By now you've likely read about the tragedy in which three families and the pilot of a plane were killed in a Montana crash this week. The San Francisco Chronicle posted this information on its website on Monday evening about the event:
"Five members of a St. Helena family headed for a ritzy ski vacation were among the 14 people who died when the private plane in which they were flying crashed in a Butte, Mont., cemetery about half a mile short of an airport runway.
The Jacobsons were one of three families on the plane bound for Bozeman, Mont., and the nearby Yellowstone Club, a resort for the very rich that boasts of its trademarked "-Private Powder' and the chance to slalom with famed ski film producer Warren Miller."
The information about the five members of the family heading for the "ritzy"- resort was the Chronicle's lead paragraph and the news about the Yellowstone Club affording an opportunity for the very rich to ski was the third paragraph in the story.
Other than provide readers a dose of schadenfreude, why exactly is any of the information about the ritzy resort prominently featured in the story? It's unnecessary and tasteless.
Some people may conclude that the description of the family's destination is a way for the writer to provide context for readers. But the intent of providing readers with context for news is to provide meaning and perspective- so that the public can make informed judgments. All that the innuendo about the victims' wealth accomplishes is to provide people fodder to blame the victims. Responses on the Chronicle's website indicate that is precisely what many people did. (Full disclosure: I posted a comment on the website critical of the Chronicle story using the pseudonym, psychout).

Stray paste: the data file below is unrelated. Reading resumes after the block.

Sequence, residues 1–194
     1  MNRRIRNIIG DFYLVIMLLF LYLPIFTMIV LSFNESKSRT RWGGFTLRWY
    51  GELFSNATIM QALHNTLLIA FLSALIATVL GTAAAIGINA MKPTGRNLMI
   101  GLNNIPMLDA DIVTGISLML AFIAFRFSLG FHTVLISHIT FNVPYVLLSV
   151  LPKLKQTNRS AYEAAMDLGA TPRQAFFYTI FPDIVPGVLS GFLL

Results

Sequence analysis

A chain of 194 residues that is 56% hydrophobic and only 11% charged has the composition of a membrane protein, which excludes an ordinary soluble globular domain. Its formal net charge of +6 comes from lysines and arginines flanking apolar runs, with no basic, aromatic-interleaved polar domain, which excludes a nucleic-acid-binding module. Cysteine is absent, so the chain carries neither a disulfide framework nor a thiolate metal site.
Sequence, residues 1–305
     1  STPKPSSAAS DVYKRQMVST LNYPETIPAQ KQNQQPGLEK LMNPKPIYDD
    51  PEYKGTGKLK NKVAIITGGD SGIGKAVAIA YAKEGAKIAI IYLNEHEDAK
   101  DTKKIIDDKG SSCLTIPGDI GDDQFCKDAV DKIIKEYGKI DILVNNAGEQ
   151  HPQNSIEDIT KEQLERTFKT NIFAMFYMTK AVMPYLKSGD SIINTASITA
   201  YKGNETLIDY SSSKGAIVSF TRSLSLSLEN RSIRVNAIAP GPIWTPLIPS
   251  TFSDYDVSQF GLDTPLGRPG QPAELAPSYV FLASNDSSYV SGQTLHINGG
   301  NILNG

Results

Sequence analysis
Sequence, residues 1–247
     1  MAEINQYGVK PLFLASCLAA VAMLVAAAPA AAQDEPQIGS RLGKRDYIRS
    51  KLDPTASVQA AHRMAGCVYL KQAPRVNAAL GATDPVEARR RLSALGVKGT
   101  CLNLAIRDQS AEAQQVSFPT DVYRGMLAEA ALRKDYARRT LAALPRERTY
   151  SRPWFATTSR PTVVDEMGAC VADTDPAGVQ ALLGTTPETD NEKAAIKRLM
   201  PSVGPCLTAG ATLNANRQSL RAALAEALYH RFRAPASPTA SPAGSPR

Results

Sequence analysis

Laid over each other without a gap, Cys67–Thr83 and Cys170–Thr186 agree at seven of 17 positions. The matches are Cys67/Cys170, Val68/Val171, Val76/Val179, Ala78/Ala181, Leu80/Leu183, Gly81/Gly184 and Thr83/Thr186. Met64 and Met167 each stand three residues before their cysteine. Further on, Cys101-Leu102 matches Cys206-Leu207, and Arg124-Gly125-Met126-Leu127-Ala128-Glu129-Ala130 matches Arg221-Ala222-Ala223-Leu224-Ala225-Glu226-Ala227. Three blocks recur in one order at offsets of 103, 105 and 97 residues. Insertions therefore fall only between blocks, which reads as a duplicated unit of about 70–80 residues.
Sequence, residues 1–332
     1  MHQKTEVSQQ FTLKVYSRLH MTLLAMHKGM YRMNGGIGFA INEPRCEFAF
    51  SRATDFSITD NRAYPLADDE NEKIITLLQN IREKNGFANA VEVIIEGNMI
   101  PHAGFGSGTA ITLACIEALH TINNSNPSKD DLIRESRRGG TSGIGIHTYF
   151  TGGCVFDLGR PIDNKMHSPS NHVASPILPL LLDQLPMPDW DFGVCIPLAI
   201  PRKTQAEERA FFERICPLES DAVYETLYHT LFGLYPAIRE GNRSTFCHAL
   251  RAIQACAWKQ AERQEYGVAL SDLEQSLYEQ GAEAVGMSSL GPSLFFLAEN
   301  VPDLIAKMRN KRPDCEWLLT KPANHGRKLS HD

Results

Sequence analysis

By way of contrast, the Los Angeles Times reported the same story in much greater depth and with greater sensitivity in its Tuesday edition. Here is that newspaper's lead paragraph:
"The plane that suddenly nose-dived into a cemetery in Montana this weekend killed three young California families bound for a ski vacation, including two sisters, their husbands and their five children."
The Times mentions the families' destination only in passing and with little fanfare in the sixth paragraph of its story:
"The women were daughters of Irving M. "Bud" Feldkamp III, a prominent Redlands dentist who is president of the leasing company that owned the plane. Feldkamp had traveled ahead to Montana to meet family members for the vacation at the exclusive Yellowstone Club resort near Bozeman."
The majority of the Times news story consists of interviews with friends and neighbors of some of the victims. Also, the Times is much more circumspect about jumping to the damning conclusion that the Chronicle prominently features, suggesting that the plane had too many passengers.
Both the L.A. Times and the S.F. Chronicle had an interest in publishing this story which involved victims in their readership areas. The difference: The Times handled the story respectfully and thoroughly, while the Chronicle chose the low road.